Continue following Leonardo’s life and work in the Florentine state. In this lecture, you’ll learn more about his relationship with another great Renaissance artist, Michelangelo; discover the story behind Leonardo’s epic Battle of Anghiari of 1503; and compare that masterpiece with Michelangelo’s own Battle of Cascina from 1505 to 1506. x
  • 26
    Mona Lisa—La Gioconda
    Who was the Mona Lisa painted for? What is the sitter’s true identity? How did Leonardo achieve the painting’s brilliant sfumato effects? What should you really be looking for when confronted with this painting? Get solid answers to these and other probing questions about Leonardo’s most enigmatic work. x
  • 27
    Raphael and Leonardo
    Explore the connection between Leonardo and Raphael, who would soon go on to paint his own masterpieces, including the School of Athens. How did this relationship develop? What was Michelangelo’s role in this mentor-protégé relationship? In addressing these questions, you’ll focus on Leonardo’s now-lost erotic work, Leda and the Swan. x
  • 28
    Leonardo in Milan and Pope Julius II in Rome
    The rise of Pope Julius II led to the rebuilding of Rome that drew the talents of Michelangelo, Raphael, and even Leonardo’s associate Bramante. So why was Leonardo content to avoid papal Rome in favor of Milan and Florence? Discover the answer in this lecture on the changing landscape of early 1500s Italy. x
  • 29
    The Anatomical Drawings—His Greatest Works?
    Focus on Leonardo’s revolutionary anatomical drawings of everything from the cardiovascular system and fetuses to eyes and heads to spines and musculature. You’ll see how, taken together, these anatomical drawings are remarkably accurate, scientifically groundbreaking, and profoundly naturalistic—all while produced under almost unimaginable conditions involving freshly dissected corpses. x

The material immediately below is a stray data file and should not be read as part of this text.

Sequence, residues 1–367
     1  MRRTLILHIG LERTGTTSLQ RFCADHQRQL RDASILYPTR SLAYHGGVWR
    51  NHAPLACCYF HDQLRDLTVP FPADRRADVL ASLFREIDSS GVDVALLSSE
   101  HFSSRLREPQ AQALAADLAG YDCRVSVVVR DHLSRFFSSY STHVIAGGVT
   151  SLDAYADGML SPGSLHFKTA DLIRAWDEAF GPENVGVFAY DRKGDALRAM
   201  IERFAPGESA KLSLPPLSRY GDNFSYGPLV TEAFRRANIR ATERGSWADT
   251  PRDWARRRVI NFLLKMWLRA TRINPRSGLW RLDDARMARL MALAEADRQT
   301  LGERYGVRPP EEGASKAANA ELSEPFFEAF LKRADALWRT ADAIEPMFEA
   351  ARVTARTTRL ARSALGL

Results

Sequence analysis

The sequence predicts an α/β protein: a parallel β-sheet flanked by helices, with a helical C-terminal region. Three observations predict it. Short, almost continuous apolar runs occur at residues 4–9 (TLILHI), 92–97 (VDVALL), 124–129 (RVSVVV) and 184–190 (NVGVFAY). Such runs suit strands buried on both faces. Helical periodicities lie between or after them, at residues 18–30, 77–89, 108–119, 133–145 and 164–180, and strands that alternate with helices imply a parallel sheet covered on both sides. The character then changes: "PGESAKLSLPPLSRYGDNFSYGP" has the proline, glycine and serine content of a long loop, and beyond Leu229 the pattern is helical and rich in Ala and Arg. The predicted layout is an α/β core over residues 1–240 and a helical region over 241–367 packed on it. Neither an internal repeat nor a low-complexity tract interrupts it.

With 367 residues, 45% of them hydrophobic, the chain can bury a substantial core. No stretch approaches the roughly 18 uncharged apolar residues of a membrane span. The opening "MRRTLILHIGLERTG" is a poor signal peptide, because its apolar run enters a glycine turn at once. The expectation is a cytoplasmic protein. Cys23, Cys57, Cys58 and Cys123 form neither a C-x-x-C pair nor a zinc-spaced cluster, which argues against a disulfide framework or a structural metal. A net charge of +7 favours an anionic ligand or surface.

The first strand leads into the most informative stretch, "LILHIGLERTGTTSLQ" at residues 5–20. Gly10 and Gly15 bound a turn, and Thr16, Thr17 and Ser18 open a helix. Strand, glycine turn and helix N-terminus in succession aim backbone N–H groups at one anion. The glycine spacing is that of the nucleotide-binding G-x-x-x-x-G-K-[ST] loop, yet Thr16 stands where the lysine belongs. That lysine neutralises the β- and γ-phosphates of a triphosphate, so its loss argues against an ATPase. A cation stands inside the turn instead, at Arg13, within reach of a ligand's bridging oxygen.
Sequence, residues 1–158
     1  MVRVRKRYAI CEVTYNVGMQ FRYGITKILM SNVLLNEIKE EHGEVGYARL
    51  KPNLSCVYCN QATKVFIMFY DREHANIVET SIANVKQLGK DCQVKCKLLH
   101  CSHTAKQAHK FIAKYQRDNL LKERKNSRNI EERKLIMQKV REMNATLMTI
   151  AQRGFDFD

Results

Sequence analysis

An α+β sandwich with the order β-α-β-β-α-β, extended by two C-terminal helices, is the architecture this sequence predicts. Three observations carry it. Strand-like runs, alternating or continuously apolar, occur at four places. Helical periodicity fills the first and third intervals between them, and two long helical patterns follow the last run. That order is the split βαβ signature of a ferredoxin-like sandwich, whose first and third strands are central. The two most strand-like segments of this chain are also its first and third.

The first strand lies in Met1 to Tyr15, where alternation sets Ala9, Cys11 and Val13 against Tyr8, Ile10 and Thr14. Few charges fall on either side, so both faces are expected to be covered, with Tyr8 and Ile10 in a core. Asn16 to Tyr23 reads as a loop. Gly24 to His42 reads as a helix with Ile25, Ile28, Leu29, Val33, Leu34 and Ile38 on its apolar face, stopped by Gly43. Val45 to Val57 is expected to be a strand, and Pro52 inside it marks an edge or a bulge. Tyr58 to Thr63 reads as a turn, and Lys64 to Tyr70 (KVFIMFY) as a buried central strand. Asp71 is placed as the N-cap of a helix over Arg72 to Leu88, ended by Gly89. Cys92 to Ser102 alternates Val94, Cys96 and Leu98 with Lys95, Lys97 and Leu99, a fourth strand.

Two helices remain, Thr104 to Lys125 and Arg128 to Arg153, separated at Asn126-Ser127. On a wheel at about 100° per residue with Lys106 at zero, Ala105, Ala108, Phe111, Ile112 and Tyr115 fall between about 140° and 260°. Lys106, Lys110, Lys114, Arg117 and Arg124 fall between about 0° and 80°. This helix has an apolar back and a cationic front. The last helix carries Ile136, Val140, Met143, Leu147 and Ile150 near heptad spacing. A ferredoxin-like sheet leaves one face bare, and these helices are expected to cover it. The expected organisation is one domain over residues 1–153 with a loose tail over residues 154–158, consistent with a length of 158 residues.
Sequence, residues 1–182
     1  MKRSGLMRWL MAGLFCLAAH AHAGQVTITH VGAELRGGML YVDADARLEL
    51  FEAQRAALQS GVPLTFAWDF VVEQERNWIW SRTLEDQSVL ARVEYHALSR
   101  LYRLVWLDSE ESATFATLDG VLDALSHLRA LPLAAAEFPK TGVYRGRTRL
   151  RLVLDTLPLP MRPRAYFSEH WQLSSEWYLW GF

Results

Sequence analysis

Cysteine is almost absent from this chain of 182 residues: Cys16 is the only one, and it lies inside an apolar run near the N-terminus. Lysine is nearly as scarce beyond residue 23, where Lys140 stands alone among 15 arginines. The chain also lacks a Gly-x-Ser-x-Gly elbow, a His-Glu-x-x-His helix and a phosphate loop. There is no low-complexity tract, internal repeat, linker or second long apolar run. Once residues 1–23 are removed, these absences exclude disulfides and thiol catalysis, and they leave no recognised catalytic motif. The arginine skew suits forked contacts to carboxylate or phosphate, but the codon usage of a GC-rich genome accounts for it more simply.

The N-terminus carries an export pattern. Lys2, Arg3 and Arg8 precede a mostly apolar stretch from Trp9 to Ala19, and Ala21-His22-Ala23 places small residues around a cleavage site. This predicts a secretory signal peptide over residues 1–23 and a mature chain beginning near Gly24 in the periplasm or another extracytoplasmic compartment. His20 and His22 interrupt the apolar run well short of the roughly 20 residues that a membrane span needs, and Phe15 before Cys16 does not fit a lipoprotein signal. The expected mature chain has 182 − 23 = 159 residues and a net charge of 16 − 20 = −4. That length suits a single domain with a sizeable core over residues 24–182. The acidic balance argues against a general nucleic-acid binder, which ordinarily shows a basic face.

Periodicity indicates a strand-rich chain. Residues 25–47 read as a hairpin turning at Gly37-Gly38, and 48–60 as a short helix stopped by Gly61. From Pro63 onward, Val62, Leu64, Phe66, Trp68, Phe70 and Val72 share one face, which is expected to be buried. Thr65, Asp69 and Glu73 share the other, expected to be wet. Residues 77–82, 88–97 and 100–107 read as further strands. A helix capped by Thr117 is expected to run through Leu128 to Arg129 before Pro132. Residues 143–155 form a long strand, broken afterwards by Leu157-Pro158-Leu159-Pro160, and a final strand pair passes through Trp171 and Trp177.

• 30
    In Praise of Painting—Leonardo’s Manifesto
    Pore over some of Leonardo’s most fascinating ideas, credos, observations, and philosophical statements about optics, light, perspective, distance, and other artistic concepts. These views, assembled after the artist’s death, are as close to a personal manifesto as Leonardo ever gave and stress his profound belief that painting was the noblest art of all. x
  • 31
    Leonardo and the Medici in Rome
    Survey the nomadic Leonardo’s period working as a consultant for the court of Pope Leo X, also known as Giovanni de’ Medici. While spearheading several projects, including a stylistically innovative Madonna and Child with Saint Anne and a Lamb, this professional relationship would ultimately prove problematic and lead to Leonardo’s final departure from Italy. x
  • 32
    High Renaissance Art from Rome to Venice
    How did Leonardo’s works and ideas go on to inspire some of the Italian High Renaissance’s other great artists? Here, Professor Bent trains your eyes to see hidden connections between Leonardo and dramatic works by artists, including Bellini, Giorgione, Titian, Botticelli, and Ghirlandaio. x
  • 33
    Last Years—Leonardo in France
    First, finish your look at Leonardo’s tenure in Rome with an analysis of his exciting drawing, The Deluge. Then, learn about some of the ideas Leonardo developed for his final patron: Francois I, king of France. It was for the French court that Leonardo would continue to work until his death in 1519. x
  • 34
    Renaissance Man and Man of the Renaissance
    Dispel any doubts you may have about Leonardo’s status as Western history’s greatest Renaissance man. In this lecture, explore the political, cultural, and spiritual climate of the times that led to the possibility of such a comprehensive individual’s existence. In the process, you’ll get a window into the sources and reasons for Leonardo’s lasting genius. x
  • 35
    The End of an Era
    During the 1520s, the dream of the High Renaissance came to an end. Professor Bent explores some of the reasons behind this dramatic shift away from classical art styles, including the lack of suitable heirs to Leonardo; the demise of papal power; and the failed ambitions of leading Italian cities, including Milan and Florence. x
  • 36
    The Legacies of Leonardo da Vinci
    What should we remember Leonardo for as an artist? As an inventor? As an engineer? As a scientific observer? In this lecture, take one last look at the legacy of Leonardo’s life and work, his relevance to today’s world, and why he remains—even today—one of Western history’s greatest individuals. x

Lecture Titles

Clone Content from Your Professor tab

Your professor

George R. Bent
Ph.D. George R. Bent
Washington and Lee University